UZH-Logo

Maintenance Infos

Predator-specific landscapes of fear and resource distribution: effects on spatial range use


Willems, E P; Hill, R A (2009). Predator-specific landscapes of fear and resource distribution: effects on spatial range use. Ecology, 90(2):546-555.

Abstract

Although ecologists have long recognized that animal space use is primarily determined by the presence of predators and the distribution of resources, the effects of these
two environmental conditions have never been quantified simultaneously in a single spatial model. Here, in a novel approach, predator-specific landscapes of fear are constructed on the basis of behavioral responses of a prey species (vervet monkey; Cercopithecus aethiops), and
we show how these can be combined with data on resource distribution to account for the observed variation in intensity of space use. Results from a mixed regressive–spatial regressive analysis demonstrate that ranging behavior can indeed be largely interpreted as an adaptive
response to perceived risk of predation by some (but not all) predators and the spatial availability of resources. The theoretical framework behind the model is furthermore such that it can easily be extended to incorporate the effects of additional factors potentially shaping
animal range use and thus may be of great value to the study of animal spatial ecology.

Abstract

Although ecologists have long recognized that animal space use is primarily determined by the presence of predators and the distribution of resources, the effects of these
two environmental conditions have never been quantified simultaneously in a single spatial model. Here, in a novel approach, predator-specific landscapes of fear are constructed on the basis of behavioral responses of a prey species (vervet monkey; Cercopithecus aethiops), and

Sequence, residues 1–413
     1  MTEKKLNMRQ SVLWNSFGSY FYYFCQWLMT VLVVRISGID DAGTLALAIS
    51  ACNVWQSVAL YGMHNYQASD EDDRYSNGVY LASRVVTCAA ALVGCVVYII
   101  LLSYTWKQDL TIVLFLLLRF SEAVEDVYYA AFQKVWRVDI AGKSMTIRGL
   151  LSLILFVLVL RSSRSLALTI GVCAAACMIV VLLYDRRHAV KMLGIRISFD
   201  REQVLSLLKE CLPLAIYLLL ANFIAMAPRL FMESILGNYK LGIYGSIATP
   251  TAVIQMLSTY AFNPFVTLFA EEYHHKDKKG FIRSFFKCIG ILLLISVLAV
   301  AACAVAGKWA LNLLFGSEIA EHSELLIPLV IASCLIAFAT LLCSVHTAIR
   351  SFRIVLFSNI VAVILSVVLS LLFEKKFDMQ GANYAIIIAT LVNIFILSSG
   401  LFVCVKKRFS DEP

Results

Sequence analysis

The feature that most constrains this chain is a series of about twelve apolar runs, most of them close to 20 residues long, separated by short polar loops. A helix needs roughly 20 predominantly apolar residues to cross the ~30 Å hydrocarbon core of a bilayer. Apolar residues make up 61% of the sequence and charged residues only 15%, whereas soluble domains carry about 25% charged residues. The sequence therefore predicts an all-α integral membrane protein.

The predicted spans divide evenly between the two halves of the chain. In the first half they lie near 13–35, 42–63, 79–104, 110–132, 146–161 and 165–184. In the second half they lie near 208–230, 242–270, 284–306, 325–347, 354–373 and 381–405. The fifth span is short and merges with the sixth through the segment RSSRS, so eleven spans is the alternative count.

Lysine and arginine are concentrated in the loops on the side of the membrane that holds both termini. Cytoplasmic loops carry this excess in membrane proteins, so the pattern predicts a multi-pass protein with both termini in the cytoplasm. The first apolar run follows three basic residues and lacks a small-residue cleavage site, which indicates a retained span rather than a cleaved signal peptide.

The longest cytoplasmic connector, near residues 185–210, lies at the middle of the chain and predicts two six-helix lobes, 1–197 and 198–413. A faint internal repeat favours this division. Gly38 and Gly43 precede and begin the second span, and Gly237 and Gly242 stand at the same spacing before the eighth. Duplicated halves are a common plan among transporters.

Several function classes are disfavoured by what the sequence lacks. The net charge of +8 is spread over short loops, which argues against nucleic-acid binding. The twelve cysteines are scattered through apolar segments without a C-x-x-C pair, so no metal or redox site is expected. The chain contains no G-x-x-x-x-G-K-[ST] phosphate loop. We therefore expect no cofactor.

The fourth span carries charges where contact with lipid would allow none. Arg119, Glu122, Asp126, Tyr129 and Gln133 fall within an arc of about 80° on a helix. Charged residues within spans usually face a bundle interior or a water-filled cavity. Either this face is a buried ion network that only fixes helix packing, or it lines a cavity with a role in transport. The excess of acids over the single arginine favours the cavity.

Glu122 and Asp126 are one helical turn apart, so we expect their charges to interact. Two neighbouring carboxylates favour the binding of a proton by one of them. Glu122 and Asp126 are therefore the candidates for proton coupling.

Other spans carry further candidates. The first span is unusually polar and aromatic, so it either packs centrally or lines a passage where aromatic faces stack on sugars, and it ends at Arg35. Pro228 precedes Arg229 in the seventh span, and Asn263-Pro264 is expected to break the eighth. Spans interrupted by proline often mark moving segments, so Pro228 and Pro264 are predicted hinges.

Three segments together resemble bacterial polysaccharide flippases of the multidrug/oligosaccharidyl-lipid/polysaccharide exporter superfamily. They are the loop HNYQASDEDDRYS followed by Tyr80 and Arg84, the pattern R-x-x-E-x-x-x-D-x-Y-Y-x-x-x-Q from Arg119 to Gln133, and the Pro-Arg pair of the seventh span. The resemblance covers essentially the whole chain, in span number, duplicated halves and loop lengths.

we show how these can be combined with data on resource distribution to account for the observed variation in intensity of space use. Results from a mixed regressive–spatial regressive analysis demonstrate that ranging behavior can indeed be largely interpreted as an adaptive
response to perceived risk of predation by some (but not all) predators and the spatial availability of resources. The theoretical framework behind the model is furthermore such that it can easily be extended to incorporate the effects of additional factors potentially shaping
animal range use and thus may be of great value to the study of animal spatial ecology.

Citations

76 citations in Web of Science®
79 citations in Scopus®
Google Scholar™

Altmetrics

Downloads

133 downloads since deposited on 12 Mar 2010
28 downloads since 12 months
Detailed statistics

Additional indexing

Item Type:Journal Article, refereed, original work
Communities & Collections:07 Faculty of Science > Department of Anthropology
Dewey Decimal Classification:300 Social sciences, sociology & anthropology
Language:English
Date:2009
Deposited On:12 Mar 2010 13:15
Last Modified:05 Apr 2016 14:00
Publisher:Ecological Society of America
ISSN:0012-9658
Additional Information:Copyright by the Ecological Society of America
Publisher DOI:https://doi.org/10.1890/08-0765.1
PubMed ID:19323238

Download

[img]
Filetype: PDF - Registered users only
Size: 3MB
View at publisher
[img]
Preview
Content: Accepted Version
Filetype: PDF
Size: 3MB

TrendTerms

TrendTerms displays relevant terms of the abstract of this publication and related documents on a map. The terms and their relations were extracted from ZORA using word statistics. Their timelines are taken from ZORA as well. The bubble size of a term is proportional to the number of documents where the term occurs. Red, orange, yellow and green colors are used for terms that occur in the current document; red indicates high interlinkedness of a term with other terms, orange, yellow and green decreasing interlinkedness. Blue is used for terms that have a relation with the terms in this document, but occur in other documents.
You can navigate and zoom the map. Mouse-hovering a term displays its timeline, clicking it yields the associated documents.

Author Collaborations